Human rights judges have ruled today that a man, banned from France after terrorism conviction, can be deported to Algeria without any risk of inhuman or degrading treatment.
In today’s Chamber judgment in the case of A.M. v. France (application no. 12148/18) the European Court of Human Rights held, unanimously, that:
if the decision to deport the applicant to Algeria is enforced there would be no violation of Article 3 (prohibition of torture and inhuman or degrading treatment) of the European Convention on Human Rights.
The case concerns the applicant’s planned deportation to Algeria after he was convicted in France in 2015 for participating in acts of terrorism and was permanently banned from French territory.
The applicant, A.M., is an Algerian national who was born in 1985. He is currently confined to a locality in France under a compulsory residence order (since September 2018).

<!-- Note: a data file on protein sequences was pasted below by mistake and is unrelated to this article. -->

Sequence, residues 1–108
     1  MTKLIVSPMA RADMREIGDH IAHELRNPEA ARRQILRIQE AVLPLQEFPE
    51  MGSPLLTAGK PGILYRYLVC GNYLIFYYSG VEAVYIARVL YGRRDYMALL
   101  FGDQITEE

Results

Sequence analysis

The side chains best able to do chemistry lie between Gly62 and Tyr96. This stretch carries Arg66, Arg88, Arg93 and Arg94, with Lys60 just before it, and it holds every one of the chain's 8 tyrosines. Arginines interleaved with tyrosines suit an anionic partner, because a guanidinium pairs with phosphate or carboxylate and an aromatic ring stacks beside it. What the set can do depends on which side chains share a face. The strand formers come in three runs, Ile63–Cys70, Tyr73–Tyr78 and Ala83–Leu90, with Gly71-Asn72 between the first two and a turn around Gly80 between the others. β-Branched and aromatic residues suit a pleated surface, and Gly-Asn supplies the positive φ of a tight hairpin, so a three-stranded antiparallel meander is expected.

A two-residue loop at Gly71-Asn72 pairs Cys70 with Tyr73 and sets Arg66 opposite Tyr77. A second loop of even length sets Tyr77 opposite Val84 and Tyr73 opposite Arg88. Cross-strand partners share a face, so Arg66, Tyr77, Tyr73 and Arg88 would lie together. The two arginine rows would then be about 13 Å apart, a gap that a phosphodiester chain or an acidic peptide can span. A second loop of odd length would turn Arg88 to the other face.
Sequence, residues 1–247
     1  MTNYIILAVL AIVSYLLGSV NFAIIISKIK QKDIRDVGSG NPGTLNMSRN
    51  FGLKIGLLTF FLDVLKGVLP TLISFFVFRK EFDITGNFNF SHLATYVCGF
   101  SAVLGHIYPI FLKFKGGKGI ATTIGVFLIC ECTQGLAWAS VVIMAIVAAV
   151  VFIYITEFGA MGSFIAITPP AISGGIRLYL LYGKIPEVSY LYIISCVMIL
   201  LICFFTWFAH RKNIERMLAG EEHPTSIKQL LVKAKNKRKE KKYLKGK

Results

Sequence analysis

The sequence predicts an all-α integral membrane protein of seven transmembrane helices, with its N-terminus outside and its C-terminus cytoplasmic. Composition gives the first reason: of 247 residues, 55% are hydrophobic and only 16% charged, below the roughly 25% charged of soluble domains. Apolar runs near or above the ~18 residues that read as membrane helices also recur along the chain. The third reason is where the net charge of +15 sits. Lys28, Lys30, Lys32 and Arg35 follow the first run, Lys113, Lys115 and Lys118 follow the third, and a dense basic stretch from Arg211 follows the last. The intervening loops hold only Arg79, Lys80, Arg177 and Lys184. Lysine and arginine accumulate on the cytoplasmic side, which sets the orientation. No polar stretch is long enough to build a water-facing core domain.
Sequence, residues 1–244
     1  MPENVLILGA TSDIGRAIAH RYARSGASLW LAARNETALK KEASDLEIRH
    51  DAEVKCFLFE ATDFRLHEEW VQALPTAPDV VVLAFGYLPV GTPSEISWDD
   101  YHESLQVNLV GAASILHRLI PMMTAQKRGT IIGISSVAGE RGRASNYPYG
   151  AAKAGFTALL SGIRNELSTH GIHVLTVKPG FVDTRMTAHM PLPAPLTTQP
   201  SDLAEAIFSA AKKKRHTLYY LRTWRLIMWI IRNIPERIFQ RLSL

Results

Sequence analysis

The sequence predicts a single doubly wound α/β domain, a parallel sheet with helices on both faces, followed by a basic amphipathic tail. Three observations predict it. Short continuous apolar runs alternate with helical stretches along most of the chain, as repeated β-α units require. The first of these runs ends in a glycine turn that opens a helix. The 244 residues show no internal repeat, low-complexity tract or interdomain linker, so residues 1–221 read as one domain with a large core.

The European court found that the general situation in Algeria as regards the treatment of individuals linked to terrorism did not in itself preclude the applicant’s deportation.
The court agreed with the conclusion of the French courts. It found that their assessment had been appropriate and sufficiently substantiated by domestic data and information from other reliable and objective sources.
The court took the view that there were no serious, proven grounds to believe that if he were returned to Algeria the applicant would run a real risk of being subjected to treatment in breach of Article 3 of the Convention and it found that his deportation would not entail a violation of that provision.